The Marquis of Rockingham wrote in 1750, "I have built a tower at Hoyland Law", subsequently called Hoyland Law Stand. This is on the edge of Hoyland Common, just above the present site of St. Peter's Anglican Church built in 1740 as a Chapel of Ease in the Parish of Wath-upon-Dearne.

In August 1859, the local newspaper reported that "The village of Hoyland Common seems to be improving with something like the speed observable in American towns. ... Among other improvements a large hotel has been erected and it is anticipated that there will soon be a mechanics' institute."

Methodism spread to Hoyland Common from Thorpe Hesley where Revd. John Wesley had preached. St. Paul's Wesleyan Chapel was built in 1809. In July 1861 Joseph Dyson said that a new Wesleyan Chapel had been built at Hoyland Common, and that he had "attended the last of the opening services - a tea meeting - last Monday". This was Christchurch Wesleyan Methodist Church in Hoyland Road, Hoyland Common. Meanwhile the members of the Primitive Methodist Church met in cottage meetings until a chapel which held 300 people was built in Tinker Lane, opening in the week ending 17th February 1866. Later a Mission Hall was built alongside this chapel with a foundation stone marked "This stone was laid by J.R. Wilson Esq. 16th Oct. 1886". The Hall was demolished in August 1970.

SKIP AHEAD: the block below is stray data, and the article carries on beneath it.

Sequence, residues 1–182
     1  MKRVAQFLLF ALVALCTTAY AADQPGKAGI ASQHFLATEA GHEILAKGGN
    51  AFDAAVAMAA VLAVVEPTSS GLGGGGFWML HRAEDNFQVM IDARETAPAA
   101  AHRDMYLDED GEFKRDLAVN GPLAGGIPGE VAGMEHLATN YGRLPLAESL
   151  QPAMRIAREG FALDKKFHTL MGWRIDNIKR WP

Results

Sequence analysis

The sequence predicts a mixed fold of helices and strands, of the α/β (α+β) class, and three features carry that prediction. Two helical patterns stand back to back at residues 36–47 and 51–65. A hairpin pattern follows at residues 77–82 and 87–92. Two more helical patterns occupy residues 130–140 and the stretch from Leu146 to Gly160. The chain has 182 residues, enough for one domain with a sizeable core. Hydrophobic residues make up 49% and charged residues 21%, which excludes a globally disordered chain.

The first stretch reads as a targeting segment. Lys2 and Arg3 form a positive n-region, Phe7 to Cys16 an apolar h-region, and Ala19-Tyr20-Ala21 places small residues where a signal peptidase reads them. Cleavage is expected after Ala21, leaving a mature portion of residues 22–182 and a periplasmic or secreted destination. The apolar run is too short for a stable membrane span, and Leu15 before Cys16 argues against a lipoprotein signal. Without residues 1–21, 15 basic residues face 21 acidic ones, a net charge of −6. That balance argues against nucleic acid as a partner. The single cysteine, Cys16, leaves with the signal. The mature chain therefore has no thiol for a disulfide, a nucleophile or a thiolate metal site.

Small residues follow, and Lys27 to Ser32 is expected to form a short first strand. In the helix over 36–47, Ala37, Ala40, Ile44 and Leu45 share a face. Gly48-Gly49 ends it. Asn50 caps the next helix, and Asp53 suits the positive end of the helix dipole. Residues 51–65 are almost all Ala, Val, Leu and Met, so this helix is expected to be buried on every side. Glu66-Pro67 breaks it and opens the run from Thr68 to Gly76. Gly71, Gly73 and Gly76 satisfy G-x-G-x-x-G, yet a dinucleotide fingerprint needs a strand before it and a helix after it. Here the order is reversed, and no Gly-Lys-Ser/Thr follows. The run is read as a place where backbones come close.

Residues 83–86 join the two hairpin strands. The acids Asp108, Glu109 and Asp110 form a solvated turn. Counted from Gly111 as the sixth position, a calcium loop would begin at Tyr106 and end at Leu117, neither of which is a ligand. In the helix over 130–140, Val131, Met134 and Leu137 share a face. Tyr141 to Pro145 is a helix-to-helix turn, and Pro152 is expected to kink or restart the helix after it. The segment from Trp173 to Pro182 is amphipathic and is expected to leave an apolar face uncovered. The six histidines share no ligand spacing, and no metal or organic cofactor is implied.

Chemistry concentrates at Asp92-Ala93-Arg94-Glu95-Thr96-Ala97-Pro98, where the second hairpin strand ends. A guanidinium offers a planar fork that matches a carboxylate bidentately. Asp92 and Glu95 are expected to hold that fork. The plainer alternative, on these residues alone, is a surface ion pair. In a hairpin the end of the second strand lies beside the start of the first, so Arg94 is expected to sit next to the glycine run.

Hoyland Common School was built in 1874 at Sheffield Road (the old Turnpike) and Mr. & Mrs. Parker from Ollerton as teachers with salaries of £120 and £70 per year respectively, plus a house.

During the Great Yorkshire Lockout in 1893 there occurred a most violent industrial dispute in which the colliery owners tried to impose a wage reduction of 25%. Rioters left a meeting in Wombwell and attacked the Hoyland Silkstone colliery simultaneously from four different directions, beating up blackleg wagon loaders, smashing offices and releasing the brakes on rail wagons to run away and smash. After an hour they set of for the Rockingham Colliery, pausing only to plunder a cartload of ginger beer. A small boy carried the tidings to Hoyland Common where shopkeepers hurriedly put up shutters. As they passed through Hoyland Common a small schoolboy (the writers great uncle) stood up in class to watch the rioters pass by along the Turnpike from Barnsley towards Sheffield. Policemen watching the crowds of several hundred men watched helplessly. The strike dragged on for sixteen weeks before a meeting in November 1893 of men and owners agreed that the men would return to work at their old wages.

At Wentworth, the cottages shown about half a mile to the South west of the Church and marked on the O.S. Explorer map 2½ inches to 1 mile map as 'Derricroft' is in fact the old Spittal Houses where Elizabeth Beaumont was born on 14 July 1793.

This information taken from local knowledge, from the 1953 Coronation Edition of the Official Guide to Wath-upon-Dearne with the map of Wath-upon-Dearne Urban District, an original copy of "A History of the Ancient Parish of Wath-upon-Dearne" by Revd. W. Keble Martin. M.A. Vicar, and from the book "Hoyland Nether" - a history of the Hoyland Nether Urban District produced for the Council by Mr. A.K. Clayton a local historian in November 1973 and who copyright it remains.

Edward Wilkinson, now in Devon.

Written by Edward Wilkinson